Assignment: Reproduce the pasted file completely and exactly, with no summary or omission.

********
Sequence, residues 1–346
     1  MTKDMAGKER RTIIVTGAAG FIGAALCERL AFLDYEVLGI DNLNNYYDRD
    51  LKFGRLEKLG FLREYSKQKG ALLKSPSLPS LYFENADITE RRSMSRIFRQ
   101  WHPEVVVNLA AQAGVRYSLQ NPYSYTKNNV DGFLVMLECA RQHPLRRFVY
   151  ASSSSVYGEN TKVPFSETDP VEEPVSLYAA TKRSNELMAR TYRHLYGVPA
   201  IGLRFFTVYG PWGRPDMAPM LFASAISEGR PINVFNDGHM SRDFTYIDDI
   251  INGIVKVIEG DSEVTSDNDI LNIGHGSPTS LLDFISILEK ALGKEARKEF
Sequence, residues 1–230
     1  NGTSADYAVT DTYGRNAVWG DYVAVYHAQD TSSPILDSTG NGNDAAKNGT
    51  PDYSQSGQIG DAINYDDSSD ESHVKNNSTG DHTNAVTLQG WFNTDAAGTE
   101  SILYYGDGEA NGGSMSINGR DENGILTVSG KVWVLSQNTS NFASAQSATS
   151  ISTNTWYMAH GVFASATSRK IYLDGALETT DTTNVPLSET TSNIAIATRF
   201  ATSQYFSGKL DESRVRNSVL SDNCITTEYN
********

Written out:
Sequence, residues 1–346
     1  MTKDMAGKER RTIIVTGAAG FIGAALCERL AFLDYEVLGI DNLNNYYDRD
    51  LKFGRLEKLG FLREYSKQKG ALLKSPSLPS LYFENADITE RRSMSRIFRQ
   101  WHPEVVVNLA AQAGVRYSLQ NPYSYTKNNV DGFLVMLECA RQHPLRRFVY
   151  ASSSSVYGEN TKVPFSETDP VEEPVSLYAA TKRSNELMAR TYRHLYGVPA
   201  IGLRFFTVYG PWGRPDMAPM LFASAISEGR PINVFNDGHM SRDFTYIDDI
   251  INGIVKVIEG DSEVTSDNDI LNIGHGSPTS LLDFISILEK ALGKEARKEF
Sequence, residues 1–230
     1  NGTSADYAVT DTYGRNAVWG DYVAVYHAQD TSSPILDSTG NGNDAAKNGT
    51  PDYSQSGQIG DAINYDDSSD ESHVKNNSTG DHTNAVTLQG WFNTDAAGTE
   101  SILYYGDGEA NGGSMSINGR DENGILTVSG KVWVLSQNTS NFASAQSATS
   151  ISTNTWYMAH GVFASATSRK IYLDGALETT DTTNVPLSET TSNIAIATRF
   201  ATSQYFSGKL DESRVRNSVL SDNCITTEYN